Design Things (Design Thinking, Design Theory) by Thomas Binder, Giorgio De Michelis, Pelle Ehn, Giulio

By Thomas Binder, Giorgio De Michelis, Pelle Ehn, Giulio Jacucci, Per Linde, Ina Wagner

Layout issues bargains an leading edge view of layout pondering and layout perform, envisioning how one can mix inventive layout with a participatory process encompassing aesthetic and democratic practices and values. The authors of layout issues examine layout perform as a style of inquiry that comprises humans, area, artifacts, fabrics, and aesthetic event, following the method of transformation from a layout suggestion to a specific thing. layout issues, which grew out of the Atelier (Architecture and know-how for Inspirational dwelling) examine undertaking, is going past the making of a unmarried item to view layout tasks as sociomaterial assemblies of people and artifacts--"design things." The publication bargains either theoretical and functional views, offering empirical aid for the authors' conceptual framework with box tasks, case stories, and examples from expert perform. The authors study the dynamics of the layout strategy; the a number of variations of the item of layout; metamorphing, appearing, and occurring as layout innovations; the concept that of the layout house as "emerging landscapes"; the relation among layout and use; and the layout of debatable issues.

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The Richness of Materials and Connections Materiality and the Diversity of Representations In design practice, materiality is seen as more than a technical property of the materials from which a building or designed artifact is made; “it is a precondition that promotes ideas, creativity, and pleasure in architecture, and it guides us to the loftiest aspirations of theory” (Jorge Silvetti, in Mori 2002, xvi). Materiality comprises physical properties such as texture (roughness or smoothness, details), geometry (size, shape, proportion, location in space, and arrangement in relation to other objects), material (weight, rigidity, plasticity), and energy (temperature, moisture), as well as dynamic properties; material artifacts engage with all our senses (Rodaway 1994).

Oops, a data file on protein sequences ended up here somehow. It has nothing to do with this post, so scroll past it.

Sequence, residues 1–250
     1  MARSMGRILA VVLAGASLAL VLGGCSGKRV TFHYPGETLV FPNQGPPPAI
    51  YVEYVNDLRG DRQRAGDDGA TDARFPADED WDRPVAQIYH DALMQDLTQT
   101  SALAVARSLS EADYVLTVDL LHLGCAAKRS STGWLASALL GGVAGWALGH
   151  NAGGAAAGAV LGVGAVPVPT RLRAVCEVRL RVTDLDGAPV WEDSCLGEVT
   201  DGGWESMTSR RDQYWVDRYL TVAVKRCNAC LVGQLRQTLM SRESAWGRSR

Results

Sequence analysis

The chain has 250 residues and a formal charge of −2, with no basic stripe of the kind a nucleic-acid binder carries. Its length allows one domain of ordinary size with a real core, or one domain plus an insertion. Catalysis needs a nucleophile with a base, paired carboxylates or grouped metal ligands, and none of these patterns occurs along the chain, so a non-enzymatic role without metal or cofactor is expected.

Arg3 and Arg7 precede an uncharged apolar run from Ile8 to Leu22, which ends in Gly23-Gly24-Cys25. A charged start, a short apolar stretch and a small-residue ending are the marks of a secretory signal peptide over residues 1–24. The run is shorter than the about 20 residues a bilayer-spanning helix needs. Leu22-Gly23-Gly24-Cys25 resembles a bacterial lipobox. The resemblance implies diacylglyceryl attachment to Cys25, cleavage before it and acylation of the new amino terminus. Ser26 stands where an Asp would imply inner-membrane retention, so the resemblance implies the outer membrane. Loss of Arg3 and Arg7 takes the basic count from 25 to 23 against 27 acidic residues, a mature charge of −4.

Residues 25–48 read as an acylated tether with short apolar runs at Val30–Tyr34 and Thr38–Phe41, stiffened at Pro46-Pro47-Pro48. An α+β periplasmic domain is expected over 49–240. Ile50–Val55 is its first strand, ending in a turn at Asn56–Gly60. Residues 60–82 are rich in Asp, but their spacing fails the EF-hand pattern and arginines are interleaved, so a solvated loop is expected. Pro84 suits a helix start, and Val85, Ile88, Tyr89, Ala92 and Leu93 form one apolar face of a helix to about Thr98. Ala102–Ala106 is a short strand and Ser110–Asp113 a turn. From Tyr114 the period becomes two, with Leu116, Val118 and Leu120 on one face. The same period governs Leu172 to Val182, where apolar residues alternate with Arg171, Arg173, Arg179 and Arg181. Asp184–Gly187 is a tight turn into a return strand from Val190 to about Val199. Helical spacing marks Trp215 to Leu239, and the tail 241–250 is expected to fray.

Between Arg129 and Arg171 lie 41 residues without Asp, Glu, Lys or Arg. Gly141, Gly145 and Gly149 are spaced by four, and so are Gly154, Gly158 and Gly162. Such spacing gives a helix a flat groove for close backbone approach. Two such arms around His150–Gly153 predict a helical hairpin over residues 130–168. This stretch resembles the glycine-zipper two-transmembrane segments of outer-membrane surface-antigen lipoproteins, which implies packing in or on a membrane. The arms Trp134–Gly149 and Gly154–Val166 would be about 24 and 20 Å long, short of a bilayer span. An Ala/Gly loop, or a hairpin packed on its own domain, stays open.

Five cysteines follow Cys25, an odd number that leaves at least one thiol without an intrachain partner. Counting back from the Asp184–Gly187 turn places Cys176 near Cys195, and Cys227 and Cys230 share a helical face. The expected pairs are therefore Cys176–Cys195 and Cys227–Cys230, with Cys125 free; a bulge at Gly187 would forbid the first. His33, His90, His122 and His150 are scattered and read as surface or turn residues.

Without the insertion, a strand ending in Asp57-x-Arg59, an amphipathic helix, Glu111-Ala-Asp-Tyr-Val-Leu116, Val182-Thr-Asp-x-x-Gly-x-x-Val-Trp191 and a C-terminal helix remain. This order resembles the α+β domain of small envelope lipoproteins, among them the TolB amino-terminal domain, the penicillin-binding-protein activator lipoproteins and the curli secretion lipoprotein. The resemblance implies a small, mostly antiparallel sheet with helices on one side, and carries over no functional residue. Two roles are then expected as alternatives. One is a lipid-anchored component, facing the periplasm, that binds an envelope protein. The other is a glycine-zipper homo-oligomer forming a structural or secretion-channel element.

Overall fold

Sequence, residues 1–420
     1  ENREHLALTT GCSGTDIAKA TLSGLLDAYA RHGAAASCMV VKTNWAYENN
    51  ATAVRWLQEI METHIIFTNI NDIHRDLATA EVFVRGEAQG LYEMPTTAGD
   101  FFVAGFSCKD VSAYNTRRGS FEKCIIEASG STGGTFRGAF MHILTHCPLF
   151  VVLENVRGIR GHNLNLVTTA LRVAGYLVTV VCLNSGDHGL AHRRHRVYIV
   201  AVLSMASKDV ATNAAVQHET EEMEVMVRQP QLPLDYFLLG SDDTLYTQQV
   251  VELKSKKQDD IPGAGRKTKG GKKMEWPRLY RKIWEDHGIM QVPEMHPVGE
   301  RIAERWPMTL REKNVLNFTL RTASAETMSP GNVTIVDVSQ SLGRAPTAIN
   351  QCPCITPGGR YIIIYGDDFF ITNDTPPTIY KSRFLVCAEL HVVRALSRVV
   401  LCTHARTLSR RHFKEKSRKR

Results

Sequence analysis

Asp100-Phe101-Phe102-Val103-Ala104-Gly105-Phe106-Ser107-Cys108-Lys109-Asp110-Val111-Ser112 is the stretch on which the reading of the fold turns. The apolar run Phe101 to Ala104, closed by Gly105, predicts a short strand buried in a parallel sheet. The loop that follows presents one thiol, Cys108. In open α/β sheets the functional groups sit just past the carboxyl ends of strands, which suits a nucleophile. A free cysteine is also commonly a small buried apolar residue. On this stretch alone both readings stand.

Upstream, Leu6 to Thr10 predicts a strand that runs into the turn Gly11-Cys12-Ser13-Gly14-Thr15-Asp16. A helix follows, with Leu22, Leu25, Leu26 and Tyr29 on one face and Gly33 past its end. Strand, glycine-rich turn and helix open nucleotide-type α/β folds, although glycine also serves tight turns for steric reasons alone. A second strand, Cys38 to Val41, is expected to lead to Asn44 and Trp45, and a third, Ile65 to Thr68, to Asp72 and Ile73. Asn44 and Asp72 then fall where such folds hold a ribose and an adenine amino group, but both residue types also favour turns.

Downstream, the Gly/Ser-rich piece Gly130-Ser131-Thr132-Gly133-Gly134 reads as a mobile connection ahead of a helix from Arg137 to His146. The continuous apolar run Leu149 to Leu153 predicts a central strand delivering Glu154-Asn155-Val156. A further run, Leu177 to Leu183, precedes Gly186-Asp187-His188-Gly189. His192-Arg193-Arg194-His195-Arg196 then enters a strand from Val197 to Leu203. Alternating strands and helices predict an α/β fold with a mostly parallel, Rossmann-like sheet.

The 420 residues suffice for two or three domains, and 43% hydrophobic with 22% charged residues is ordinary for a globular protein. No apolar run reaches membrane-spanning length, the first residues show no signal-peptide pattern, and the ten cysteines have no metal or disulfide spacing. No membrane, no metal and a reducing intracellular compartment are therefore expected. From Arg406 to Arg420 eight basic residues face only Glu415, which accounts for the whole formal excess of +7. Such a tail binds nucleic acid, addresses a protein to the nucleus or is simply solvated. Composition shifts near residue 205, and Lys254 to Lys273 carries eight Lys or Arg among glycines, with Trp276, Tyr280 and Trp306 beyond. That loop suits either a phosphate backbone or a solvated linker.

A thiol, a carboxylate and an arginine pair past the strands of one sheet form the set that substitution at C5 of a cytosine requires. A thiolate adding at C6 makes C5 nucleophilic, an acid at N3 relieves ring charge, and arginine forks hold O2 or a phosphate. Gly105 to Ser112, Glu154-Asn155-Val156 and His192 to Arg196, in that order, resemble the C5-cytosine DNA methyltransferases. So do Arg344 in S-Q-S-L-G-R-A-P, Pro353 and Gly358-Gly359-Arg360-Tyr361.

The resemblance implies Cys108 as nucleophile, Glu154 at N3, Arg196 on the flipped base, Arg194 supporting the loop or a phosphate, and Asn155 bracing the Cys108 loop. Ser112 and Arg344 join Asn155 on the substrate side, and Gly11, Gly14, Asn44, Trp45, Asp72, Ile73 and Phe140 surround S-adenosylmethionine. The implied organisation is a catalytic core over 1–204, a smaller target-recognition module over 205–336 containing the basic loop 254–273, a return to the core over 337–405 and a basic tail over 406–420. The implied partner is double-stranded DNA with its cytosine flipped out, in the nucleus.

Contact with the street outside . . we have these Venetian blinds, they enable you to switch yourself off but you may also leave them open . . this has a positive effect, this possibility of being in touch, this has something refreshing for me, when the traffic passes by, maybe because we rarely go outside, working so much . . it is like a screen . . with our heads a little above people passing and you overhear parts of their conversations. W. with architect Anna Popelka, May 22, 2002) Some architects and urban planners, such as Robert Mull, create their office at the site, turning the site into a planning space.

James Joyce’s Ulysses is such a text that defines the urban experience without working with drawings. W. with Adolf Krischanitz, March 28, 2001) The process this architect describes is one of working on layers, with the design concept being concentrated in each of these layers. A designer needs the “stranger’s gaze,” the creative gaze that simultaneously implies closeness and distance. He emphasizes the movement of closing and reopening the design concept in particular situations, to research, integrate additional resources, and so on: “You cannot design unremittingly but have to confront your design with almost its opposite—removing, reproducing, collecting, quantifying, qualifying, and so forth” (ibid).

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